Reproduction morbidity is defined as any morbidity or dysfunction of the reproductive tract. Obstetric morbidity is related to pregnancy. Direct obstetric morbidity results from obstetric complications of pregnancy, such as ante- or postpartum hemorrhage, eclampsia, or sepsis. Indirect obstetric morbidity results from preexisting diseases, such as malaria, hepatitis, and tuberculosis. Psychological obstetric morbidity includes puerperal psychoses, or fear of pregnancy and childbirth. Direct gynecological morbidity includes reproductive cancers and bacterial or viral sexually transmitted diseases (STDs). Indirect gynecological morbidity includes traditional practices, such as circumcision. Psychological morbidity is associated with STDs, infertility, and dyspareunia. Contraceptive morbidity involves efforts that limit fertility. Some aspects of reproductive morbidity have been covered extensively (e.g., STDs), while studies of uterine prolapse, fistulas, urinary/fecal incontinence, and secondary infertility are few. In a study in India 92% of women had a gynecological problem upon examination, but only 55% reported it. Language is a major impediment to communication because of euphemisms used to describe an ailment. Morbidities tend to be underreported. In a sample of Egyptian women asked about specific problems, backache (47%), abdominal pain (42%), discharge (41%), prolapse (30%), and urinary tract infections (24%) were most common. Hospital studies are used most often to research maternal morbidity followed by community studies, cross-sectional surveys, and case-control studies with proper sample size. The validity of self-reported data greatly depend on the interviewer, but recall bias also has to be considered. It is recommended that WHO sponsor research into reproductive morbidity, develop standardized questionnaires, study a community-based health project, develop a series of "case histories," and plan a meeting during 1990-91.
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  5. 5
    049402

    Plan of action for the eradication of harmful traditional practices affecting the health of women and children in Africa.

    Inter-African Committee [IAC]

    [Unpublished] 1987. 14 p.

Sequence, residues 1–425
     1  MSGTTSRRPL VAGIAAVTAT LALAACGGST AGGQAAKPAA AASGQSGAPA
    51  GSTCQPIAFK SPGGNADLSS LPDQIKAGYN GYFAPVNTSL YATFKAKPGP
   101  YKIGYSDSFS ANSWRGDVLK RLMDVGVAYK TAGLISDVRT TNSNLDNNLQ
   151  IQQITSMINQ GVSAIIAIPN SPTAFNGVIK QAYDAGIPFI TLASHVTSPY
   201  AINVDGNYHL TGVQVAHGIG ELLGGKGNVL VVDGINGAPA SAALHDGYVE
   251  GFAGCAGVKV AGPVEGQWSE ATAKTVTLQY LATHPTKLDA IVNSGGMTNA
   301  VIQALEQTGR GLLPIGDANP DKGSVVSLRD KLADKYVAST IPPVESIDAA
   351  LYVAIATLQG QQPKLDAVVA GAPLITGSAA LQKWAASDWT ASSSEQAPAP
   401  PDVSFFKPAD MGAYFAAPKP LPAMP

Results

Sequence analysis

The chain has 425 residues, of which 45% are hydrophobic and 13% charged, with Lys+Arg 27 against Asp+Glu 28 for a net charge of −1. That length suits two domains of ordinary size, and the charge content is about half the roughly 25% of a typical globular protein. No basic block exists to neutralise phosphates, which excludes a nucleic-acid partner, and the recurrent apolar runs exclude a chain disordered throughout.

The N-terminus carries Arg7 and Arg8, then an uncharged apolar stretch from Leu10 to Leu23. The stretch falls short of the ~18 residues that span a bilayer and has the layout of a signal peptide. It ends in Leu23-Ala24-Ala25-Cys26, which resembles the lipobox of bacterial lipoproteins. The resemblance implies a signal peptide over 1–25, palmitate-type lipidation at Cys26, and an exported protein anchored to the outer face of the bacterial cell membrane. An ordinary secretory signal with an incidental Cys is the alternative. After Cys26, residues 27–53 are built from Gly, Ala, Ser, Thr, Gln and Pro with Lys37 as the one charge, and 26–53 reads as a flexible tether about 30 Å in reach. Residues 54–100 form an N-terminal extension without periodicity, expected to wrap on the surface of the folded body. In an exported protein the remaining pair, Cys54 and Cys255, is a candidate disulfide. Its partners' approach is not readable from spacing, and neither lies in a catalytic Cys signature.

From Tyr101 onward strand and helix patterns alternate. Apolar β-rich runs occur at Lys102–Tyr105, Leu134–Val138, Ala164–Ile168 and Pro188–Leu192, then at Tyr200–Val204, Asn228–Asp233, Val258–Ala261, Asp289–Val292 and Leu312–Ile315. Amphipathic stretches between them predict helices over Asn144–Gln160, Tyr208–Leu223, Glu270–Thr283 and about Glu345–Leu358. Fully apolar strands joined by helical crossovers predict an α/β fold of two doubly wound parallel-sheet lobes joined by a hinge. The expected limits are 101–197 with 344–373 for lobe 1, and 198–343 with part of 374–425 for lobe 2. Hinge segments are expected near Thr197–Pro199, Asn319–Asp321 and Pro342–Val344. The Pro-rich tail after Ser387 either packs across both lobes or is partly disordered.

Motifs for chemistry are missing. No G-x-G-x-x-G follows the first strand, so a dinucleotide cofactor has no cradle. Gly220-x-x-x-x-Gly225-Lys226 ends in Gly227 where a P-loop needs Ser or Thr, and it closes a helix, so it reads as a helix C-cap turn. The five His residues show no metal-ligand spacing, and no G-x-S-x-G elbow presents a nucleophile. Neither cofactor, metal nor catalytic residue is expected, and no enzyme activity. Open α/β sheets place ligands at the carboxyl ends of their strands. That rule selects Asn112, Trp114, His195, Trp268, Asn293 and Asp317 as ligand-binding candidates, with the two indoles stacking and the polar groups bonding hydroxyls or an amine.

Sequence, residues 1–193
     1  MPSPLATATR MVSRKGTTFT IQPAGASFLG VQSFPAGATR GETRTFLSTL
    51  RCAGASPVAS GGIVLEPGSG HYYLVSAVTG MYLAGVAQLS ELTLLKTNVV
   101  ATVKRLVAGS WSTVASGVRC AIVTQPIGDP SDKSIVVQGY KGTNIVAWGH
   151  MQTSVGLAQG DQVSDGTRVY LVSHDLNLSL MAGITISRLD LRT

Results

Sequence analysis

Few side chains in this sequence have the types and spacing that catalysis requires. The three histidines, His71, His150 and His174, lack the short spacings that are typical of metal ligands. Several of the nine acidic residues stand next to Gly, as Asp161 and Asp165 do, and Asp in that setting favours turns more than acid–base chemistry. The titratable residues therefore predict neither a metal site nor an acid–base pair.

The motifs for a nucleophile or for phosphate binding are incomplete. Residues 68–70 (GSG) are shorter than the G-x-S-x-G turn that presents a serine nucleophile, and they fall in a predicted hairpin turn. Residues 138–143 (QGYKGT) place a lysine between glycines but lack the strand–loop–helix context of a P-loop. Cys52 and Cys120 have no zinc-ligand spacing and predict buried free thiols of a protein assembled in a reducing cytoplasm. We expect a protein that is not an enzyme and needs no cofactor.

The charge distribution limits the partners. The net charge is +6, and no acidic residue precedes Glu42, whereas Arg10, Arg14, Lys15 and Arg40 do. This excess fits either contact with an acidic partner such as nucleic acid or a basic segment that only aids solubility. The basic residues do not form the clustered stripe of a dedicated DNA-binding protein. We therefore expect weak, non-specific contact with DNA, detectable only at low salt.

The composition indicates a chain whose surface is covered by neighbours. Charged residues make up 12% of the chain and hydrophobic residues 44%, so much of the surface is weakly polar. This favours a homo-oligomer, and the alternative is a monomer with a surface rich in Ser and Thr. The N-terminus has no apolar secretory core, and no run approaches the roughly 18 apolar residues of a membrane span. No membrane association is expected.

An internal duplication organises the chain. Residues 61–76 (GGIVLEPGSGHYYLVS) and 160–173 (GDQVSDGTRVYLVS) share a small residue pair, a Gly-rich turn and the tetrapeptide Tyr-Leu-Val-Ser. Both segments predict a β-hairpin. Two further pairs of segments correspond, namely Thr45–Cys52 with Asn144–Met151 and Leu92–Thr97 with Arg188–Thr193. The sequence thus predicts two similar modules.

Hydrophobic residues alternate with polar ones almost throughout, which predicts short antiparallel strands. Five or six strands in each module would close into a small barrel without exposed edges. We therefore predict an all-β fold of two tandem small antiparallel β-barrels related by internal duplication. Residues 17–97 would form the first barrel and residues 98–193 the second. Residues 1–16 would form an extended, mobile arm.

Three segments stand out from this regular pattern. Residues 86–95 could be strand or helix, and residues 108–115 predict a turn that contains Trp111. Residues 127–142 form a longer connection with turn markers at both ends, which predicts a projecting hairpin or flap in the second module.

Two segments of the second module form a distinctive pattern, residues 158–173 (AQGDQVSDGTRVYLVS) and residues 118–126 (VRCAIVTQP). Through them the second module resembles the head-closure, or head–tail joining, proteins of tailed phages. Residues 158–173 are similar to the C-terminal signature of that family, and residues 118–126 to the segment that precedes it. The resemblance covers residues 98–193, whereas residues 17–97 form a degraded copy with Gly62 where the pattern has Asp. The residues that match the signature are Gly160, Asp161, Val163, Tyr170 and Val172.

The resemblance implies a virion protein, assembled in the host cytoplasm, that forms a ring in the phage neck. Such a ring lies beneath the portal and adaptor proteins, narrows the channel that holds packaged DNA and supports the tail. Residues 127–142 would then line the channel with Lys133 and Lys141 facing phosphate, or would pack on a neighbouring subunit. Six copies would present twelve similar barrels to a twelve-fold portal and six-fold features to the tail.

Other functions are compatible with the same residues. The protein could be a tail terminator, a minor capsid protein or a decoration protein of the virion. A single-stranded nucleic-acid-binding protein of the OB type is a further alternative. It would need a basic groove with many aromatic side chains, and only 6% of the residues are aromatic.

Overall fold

The traditional and harmful practices such as early marriage and pregnancy, female circumcision, nutritional taboos, inadequate child spacing, and unprotected delivery continue to be the reality for women in many African nations. These harmful traditional practices frequently result in permanent physical, psychological, and emotional changes for women, at times even death, yet little progress has been realized in abolishing these practices. At the Regional Seminar of the Inter-African Committee on Traditional Practices Affecting the Health of Women and Children in Africa, held in Ethiopia during April 1987, guidelines were drawn by which national governments and local bodies along with international and regional organizations might take action to protect women from these unnecessary hazardous traditional practices. These guidelines constitute this "Plan of Action for the Eradication of Harmful Traditional Practices Affecting the Health of Women and Children in Africa." The plan should be implemented within a decade. These guidelines include both shortterm and longterm strategies. Actions to be taken in terms of the organizational machinery are outlined, covering both the national and regional levels and including special support and the use of the mass media. Guidelines are included for action to be taken in regard to childhood marriage and early pregnancy. These cover the areas of education -- both formal and nonformal -- measures to improve socioeconomic status and health, and enacting laws against childhood marriage and rape. In the area of female circumcision, the short term goal is to create awareness of the adverse medical, psychological, social and economic implications of female circumcision. The time frame for this goal is 24 months. The longterm goal is to eradicate female circumcision by 2000 and to restore dignity and respect to women and to raise their status in society. Also outlined are actions to be taken in terms of food prohibitions which affect mostly women and children, child spacing and delivery practices, and legislative and administrative measures. Women in the African region have a critical role to play both in the development of their countries and in the solution of problems arising from the practice of harmful traditions.